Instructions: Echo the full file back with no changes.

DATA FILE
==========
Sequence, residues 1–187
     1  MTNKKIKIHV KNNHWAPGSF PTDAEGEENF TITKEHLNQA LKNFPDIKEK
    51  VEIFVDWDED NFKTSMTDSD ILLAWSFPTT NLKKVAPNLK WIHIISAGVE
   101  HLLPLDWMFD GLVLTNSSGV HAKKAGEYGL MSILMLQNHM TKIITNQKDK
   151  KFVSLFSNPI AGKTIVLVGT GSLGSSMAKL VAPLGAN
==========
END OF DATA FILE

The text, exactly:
Sequence, residues 1–187
     1  MTNKKIKIHV KNNHWAPGSF PTDAEGEENF TITKEHLNQA LKNFPDIKEK
    51  VEIFVDWDED NFKTSMTDSD ILLAWSFPTT NLKKVAPNLK WIHIISAGVE
   101  HLLPLDWMFD GLVLTNSSGV HAKKAGEYGL MSILMLQNHM TKIITNQKDK
   151  KFVSLFSNPI AGKTIVLVGT GSLGSSMAKL VAPLGAN